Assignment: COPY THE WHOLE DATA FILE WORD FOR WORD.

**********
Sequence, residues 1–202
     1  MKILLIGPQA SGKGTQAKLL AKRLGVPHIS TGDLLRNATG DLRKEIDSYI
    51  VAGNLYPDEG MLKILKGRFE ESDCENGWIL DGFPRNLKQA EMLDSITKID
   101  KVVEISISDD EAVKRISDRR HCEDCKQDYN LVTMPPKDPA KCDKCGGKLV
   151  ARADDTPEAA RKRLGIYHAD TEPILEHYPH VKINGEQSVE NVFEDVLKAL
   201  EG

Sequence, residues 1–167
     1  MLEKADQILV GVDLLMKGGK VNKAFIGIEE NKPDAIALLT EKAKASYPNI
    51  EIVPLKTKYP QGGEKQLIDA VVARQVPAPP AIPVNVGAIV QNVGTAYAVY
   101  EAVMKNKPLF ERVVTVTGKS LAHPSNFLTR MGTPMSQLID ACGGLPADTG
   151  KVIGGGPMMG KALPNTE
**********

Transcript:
Sequence, residues 1–202
     1  MKILLIGPQA SGKGTQAKLL AKRLGVPHIS TGDLLRNATG DLRKEIDSYI
    51  VAGNLYPDEG MLKILKGRFE ESDCENGWIL DGFPRNLKQA EMLDSITKID
   101  KVVEISISDD EAVKRISDRR HCEDCKQDYN LVTMPPKDPA KCDKCGGKLV
   151  ARADDTPEAA RKRLGIYHAD TEPILEHYPH VKINGEQSVE NVFEDVLKAL
   201  EG

Sequence, residues 1–167
     1  MLEKADQILV GVDLLMKGGK VNKAFIGIEE NKPDAIALLT EKAKASYPNI
    51  EIVPLKTKYP QGGEKQLIDA VVARQVPAPP AIPVNVGAIV QNVGTAYAVY
   101  EAVMKNKPLF ERVVTVTGKS LAHPSNFLTR MGTPMSQLID ACGGLPADTG
   151  KVIGGGPMMG KALPNTE